Even though they've yet to sign a contract with the agency, Spring Grove EDA (Economic Development Authority) board members sat down with CEDA (Community and Economic Development Associates) staffers on March 25. Topics were many and varied but mostly came down to how CEDA will assist the group once all the paperwork is signed.

Ron Zeigler, CEO/president of CEDA, introduced Tom Monson, one of his organization's newest employees. Monson will work "on the ground" (one day every other week) in Spring Grove for the EDA.

Monson said that he grew up in Cannon Falls and recently graduated from Bethel University, where he majored in political science and rhetorical communication studies.

"I am really excited to see what it is that you guys envision for your community," Monson said. "Personally, I don't come in with a particular agenda. I'm here as the EDA's arm to carry out whatever mission it is that you would have me move forward with.... I think Spring Grove has a lot of potential, both in the short and long term.

Another CEDA employee who attended was Rick Howden, who works part-time for Houston County's EDA. He noted that it would be good to have another CEDA staffer to work with in the immediate area, making a coordinated effort.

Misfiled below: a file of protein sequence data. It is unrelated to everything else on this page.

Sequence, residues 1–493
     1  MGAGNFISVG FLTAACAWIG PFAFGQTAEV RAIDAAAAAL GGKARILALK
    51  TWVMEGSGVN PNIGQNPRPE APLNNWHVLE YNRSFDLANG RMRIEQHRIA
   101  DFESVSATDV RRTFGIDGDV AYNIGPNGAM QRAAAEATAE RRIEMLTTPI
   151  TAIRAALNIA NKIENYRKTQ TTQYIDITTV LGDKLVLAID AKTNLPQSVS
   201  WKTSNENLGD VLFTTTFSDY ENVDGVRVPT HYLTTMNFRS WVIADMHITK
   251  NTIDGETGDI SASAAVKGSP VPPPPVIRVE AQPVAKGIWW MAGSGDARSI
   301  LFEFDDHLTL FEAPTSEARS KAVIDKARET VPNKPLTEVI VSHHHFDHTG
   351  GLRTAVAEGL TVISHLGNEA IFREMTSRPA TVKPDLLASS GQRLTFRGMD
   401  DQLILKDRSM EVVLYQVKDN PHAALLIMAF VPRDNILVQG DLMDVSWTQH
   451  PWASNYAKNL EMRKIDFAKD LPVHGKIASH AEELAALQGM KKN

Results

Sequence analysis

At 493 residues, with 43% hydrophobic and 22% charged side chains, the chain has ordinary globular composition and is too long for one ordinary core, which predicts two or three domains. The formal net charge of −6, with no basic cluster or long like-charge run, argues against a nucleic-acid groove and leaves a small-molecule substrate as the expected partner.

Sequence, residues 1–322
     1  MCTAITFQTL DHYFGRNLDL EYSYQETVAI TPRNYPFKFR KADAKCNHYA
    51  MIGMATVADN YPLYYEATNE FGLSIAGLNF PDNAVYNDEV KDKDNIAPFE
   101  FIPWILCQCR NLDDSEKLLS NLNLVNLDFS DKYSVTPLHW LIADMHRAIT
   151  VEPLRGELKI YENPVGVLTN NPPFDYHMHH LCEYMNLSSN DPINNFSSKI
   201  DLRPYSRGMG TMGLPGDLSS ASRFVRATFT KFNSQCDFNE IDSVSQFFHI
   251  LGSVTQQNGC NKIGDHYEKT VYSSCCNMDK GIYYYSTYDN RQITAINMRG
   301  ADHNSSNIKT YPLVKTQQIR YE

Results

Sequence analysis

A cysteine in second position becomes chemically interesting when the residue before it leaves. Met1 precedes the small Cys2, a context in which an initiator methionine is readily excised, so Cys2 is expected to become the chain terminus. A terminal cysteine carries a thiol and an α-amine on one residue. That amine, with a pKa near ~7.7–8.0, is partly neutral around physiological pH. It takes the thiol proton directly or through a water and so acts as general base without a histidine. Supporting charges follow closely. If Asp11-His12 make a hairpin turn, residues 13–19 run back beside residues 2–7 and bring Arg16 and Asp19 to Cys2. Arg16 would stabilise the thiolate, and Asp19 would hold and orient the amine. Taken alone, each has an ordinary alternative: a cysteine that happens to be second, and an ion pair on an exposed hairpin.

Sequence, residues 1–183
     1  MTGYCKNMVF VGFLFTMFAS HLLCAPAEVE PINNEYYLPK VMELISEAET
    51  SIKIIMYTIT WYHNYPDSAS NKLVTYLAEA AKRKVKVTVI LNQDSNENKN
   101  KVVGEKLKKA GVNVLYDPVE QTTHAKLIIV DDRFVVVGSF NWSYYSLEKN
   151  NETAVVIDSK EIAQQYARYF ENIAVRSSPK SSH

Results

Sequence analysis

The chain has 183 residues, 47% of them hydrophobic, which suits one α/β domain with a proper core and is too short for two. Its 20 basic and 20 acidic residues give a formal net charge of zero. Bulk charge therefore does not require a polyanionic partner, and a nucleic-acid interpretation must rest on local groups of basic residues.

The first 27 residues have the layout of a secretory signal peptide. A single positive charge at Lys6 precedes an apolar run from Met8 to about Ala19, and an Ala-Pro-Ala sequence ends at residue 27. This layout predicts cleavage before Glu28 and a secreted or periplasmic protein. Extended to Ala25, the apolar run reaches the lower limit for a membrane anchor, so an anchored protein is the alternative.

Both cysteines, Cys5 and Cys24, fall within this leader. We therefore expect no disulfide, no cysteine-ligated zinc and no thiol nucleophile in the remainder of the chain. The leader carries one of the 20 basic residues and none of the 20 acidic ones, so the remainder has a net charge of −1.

Ziegler said that the EDA should develop a customized work plan for Monson. He also recommended a business retention/expansion study on the Spring Grove community, along with an updated marketing plan.

"You've got a strong Main Street," Ziegler noted.

By consensus, commissioners agreed to meet with Monson while the CEDA contract goes to city attorney Joe Hammell for review. EDA Chairman Howard Deters said that the according to its bylaws, the EDA has the right to hire organizations to perform services for it. Therefore, approval from the city council to hire CEDA will not be necessary.

EDA votes for historic signs, grants

The board voted unanimously to support a new effort that will place interpretive signs on historic structures throughout Spring Grove. Commissioner JC Nerstad suggested the EDA could offer $100 towards the estimated $400 cost of each historic sign, and members agreed. EDA board members will not qualify for the assistance, but voted to set aside up to $2000 for the program, with buildings throughout the city limits eligible. Several Spring Grove business owners are already interested in adding the signage to their buildings, Nerstad said.

Zeigler suggested using a simple application process to sign up for the assistance. That would also make it easier to keep the signs consistent in appearance, he noted.

Another vote earmarked up to $7500 to continue the EDA's "fix-up fund" program, with a difference.

In 2014, the program will expand beyond Main Street, allowing business owners to make improvements to storefronts throughout Spring Grove. EDA will again provide 50 percent matching grants for up to $2500 per building.

The next board meeting was set for April 22 at 7 p.m. That session will begin with a public hearing on the sale of an EDA lot in the Spring Grove Commercial Park.